Bill, this is a truly great post and says everything I feel on my pulses and know to be true. 'We that have seen so much and lived so long.' After 1945 it was not meant to be like this. Yes, I, like you, am comfortable but not rich so I'm proof, at the moment, from their worst deprivations. But I am creased with rage and by what is being done to those who have no defence by these evil, yes, EVIL, people. I'm glad you quoted The Second Coming. It is a truly prophetic poem and, along with Dover Beach, the perfect expression of our plight. Sue, you are right. I can't understand how otherwise decent, nice people are so myopic. But yes, Jan, that Sue can still call him friend is indeed a small flicker of hope. Actually, I have a moral difficulty with a piece of legislation designed to keep people like me sweet - the easing of inheritance tax. I think that it is a regressive move deeply unfair in our present economic and social state. But my children will gain from it and they and the welfare of my grandchildren are my first concern. No, I shan't refuse to accept it. But it gives me a queasy conscience.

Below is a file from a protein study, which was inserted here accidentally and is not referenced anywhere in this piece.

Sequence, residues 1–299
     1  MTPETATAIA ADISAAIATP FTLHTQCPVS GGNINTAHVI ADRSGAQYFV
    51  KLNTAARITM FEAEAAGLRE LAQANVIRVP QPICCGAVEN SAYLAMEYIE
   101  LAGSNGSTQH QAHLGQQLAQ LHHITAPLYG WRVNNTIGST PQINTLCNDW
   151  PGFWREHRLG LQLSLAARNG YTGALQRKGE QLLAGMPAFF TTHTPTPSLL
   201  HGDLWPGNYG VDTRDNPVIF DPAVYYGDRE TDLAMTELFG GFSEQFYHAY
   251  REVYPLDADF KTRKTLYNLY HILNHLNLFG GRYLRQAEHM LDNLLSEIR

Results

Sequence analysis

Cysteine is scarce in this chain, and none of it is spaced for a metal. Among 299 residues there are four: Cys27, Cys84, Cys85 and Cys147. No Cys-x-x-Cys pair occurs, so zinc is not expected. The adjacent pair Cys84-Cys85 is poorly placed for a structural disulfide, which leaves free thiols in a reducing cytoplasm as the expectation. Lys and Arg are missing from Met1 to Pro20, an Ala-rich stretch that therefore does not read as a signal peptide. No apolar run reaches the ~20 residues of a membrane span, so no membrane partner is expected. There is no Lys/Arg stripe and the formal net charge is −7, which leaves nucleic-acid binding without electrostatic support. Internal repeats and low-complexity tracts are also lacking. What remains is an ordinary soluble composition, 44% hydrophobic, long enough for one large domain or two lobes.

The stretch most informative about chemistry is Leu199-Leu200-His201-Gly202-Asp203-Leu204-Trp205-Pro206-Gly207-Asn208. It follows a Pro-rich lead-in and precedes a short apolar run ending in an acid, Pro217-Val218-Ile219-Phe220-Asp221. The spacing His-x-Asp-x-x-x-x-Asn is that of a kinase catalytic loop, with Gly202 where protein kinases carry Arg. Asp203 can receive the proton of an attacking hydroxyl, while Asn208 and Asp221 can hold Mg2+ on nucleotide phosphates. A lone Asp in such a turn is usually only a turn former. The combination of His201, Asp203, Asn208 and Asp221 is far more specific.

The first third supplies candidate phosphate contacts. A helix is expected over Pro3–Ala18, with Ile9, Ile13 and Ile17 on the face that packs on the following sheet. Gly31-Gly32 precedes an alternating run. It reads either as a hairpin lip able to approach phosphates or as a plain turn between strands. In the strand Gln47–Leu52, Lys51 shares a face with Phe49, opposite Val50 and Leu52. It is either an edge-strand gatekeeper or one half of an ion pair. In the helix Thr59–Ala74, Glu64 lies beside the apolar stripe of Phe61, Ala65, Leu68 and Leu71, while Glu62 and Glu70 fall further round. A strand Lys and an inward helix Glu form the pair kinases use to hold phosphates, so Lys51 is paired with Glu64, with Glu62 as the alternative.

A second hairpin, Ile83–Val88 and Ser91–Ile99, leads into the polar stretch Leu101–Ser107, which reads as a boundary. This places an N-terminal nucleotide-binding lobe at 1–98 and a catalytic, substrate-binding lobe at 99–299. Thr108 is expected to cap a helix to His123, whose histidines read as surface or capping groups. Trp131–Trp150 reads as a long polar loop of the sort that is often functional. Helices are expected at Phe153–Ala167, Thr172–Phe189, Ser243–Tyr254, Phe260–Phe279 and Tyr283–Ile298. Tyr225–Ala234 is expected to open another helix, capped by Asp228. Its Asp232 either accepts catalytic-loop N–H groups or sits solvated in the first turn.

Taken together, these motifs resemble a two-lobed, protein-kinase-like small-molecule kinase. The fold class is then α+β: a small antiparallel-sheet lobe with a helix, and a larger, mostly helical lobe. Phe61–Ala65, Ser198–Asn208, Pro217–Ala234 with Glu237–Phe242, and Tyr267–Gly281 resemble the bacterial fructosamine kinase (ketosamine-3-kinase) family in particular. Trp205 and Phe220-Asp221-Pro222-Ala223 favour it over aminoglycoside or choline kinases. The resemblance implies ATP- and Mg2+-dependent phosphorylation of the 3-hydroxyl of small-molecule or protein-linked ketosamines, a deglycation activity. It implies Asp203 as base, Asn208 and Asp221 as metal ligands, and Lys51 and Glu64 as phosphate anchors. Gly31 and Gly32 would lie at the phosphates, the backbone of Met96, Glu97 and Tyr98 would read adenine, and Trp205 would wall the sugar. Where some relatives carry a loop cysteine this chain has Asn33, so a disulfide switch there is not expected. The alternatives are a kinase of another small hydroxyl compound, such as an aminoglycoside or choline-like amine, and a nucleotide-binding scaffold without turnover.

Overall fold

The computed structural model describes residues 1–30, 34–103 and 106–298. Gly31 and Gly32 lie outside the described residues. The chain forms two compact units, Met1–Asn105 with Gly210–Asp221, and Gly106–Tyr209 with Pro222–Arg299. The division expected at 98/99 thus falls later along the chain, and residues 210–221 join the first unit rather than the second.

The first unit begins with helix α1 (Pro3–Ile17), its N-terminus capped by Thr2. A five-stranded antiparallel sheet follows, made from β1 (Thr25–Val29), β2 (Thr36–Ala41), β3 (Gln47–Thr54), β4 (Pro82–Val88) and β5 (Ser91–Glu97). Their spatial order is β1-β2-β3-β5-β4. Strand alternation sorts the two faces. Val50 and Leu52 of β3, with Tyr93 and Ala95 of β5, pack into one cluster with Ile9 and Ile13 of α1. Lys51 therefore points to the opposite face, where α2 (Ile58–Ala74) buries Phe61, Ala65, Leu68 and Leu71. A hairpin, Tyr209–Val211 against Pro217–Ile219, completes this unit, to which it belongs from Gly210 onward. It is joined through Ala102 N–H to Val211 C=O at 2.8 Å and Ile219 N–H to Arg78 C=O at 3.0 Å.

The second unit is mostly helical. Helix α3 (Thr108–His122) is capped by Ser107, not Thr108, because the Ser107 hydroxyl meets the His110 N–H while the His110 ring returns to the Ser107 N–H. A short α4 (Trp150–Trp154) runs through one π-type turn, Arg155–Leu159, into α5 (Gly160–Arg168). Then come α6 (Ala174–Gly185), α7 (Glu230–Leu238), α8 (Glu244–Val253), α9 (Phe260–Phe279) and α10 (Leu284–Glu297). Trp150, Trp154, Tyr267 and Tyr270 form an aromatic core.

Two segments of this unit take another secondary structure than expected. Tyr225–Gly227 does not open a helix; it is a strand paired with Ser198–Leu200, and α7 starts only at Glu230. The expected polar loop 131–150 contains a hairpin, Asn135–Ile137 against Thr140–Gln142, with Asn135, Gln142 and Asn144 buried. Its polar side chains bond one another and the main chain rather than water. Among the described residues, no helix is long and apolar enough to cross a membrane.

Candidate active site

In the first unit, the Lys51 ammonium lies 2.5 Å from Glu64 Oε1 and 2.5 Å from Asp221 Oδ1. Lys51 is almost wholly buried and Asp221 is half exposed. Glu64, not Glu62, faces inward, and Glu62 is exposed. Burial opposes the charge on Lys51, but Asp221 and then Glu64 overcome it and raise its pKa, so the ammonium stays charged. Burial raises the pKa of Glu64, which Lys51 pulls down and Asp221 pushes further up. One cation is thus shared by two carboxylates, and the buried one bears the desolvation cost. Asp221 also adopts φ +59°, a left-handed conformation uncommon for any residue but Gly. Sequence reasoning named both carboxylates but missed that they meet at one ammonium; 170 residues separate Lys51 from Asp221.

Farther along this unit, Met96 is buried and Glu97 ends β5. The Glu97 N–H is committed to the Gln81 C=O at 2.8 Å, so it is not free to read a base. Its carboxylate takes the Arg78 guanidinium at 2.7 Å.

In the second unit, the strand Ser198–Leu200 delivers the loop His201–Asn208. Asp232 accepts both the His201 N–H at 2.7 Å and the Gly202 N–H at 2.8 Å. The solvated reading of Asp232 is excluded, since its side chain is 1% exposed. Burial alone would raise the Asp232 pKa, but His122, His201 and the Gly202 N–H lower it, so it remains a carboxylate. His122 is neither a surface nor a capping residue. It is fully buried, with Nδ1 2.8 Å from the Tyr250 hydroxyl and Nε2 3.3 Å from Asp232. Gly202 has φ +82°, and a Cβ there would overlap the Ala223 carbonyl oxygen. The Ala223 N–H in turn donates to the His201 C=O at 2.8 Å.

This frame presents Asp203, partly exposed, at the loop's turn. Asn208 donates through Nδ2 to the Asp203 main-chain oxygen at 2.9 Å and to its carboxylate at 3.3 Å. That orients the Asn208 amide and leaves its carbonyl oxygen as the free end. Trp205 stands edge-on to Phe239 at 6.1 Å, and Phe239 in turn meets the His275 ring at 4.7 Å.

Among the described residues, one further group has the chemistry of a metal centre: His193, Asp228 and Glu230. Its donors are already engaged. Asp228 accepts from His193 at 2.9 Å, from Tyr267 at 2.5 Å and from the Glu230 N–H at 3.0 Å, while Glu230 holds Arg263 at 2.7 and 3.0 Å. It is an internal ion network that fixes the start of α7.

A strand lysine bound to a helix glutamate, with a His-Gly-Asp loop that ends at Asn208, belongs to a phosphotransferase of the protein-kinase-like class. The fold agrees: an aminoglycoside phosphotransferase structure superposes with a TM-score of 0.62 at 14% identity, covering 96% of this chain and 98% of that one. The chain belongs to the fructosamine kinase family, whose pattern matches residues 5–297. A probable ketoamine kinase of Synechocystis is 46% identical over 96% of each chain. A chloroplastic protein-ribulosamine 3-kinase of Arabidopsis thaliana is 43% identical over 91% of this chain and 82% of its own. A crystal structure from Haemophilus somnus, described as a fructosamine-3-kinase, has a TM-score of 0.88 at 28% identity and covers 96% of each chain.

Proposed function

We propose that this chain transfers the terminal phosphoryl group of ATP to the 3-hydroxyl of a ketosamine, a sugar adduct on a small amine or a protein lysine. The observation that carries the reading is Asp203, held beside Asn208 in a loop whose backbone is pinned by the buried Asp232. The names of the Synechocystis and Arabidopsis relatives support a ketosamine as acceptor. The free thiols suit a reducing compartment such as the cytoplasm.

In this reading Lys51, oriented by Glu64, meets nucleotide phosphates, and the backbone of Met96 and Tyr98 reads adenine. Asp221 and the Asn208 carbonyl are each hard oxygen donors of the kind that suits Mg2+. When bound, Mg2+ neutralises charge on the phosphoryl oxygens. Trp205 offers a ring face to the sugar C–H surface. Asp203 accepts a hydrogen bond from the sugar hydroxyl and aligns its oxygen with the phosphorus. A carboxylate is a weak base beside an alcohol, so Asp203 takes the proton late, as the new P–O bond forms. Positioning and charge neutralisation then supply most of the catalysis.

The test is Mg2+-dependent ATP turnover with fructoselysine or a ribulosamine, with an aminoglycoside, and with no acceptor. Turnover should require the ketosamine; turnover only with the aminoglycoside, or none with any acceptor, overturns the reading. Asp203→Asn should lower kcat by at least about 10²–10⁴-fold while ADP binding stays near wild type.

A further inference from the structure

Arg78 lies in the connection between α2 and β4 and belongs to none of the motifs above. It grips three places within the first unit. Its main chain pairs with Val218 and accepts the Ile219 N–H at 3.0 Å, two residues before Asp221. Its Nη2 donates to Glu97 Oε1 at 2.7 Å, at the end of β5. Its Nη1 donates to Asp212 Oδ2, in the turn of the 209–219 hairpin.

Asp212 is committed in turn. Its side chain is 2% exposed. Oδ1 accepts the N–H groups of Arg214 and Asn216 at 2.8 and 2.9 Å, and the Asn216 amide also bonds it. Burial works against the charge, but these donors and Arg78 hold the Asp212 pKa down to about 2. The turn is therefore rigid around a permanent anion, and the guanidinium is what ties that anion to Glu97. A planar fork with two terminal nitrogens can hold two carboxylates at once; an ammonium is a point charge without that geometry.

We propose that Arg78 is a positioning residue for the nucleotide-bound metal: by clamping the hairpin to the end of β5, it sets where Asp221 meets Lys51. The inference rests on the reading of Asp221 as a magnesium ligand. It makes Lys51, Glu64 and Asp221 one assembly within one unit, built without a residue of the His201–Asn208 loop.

Bill Kirton said...

Reb, Lydia, Dennis, thanks. Sometimes, when these thoughts go through my mind, I wonder whether I'm getting it all out of proportion and failing to see the positive aspects of what's being proposed. The fact that people like yourselves and Mari, Wendy, Sandra, Susan, Jan and by extension others feel the same way confirms that the (yes, Dennis) evil is real, the corrosion continues. Decency and compassion are still relevant, legitimate bases for a practical morality, though. It's depressing that they aren't universally shared, but at least there are still voices advocating them.

Reb MacRath said...

Bill, the way the next election here seems to be going, I'll soon be in search of a poem to quote. Will hope to find something by Auden or MacNeice.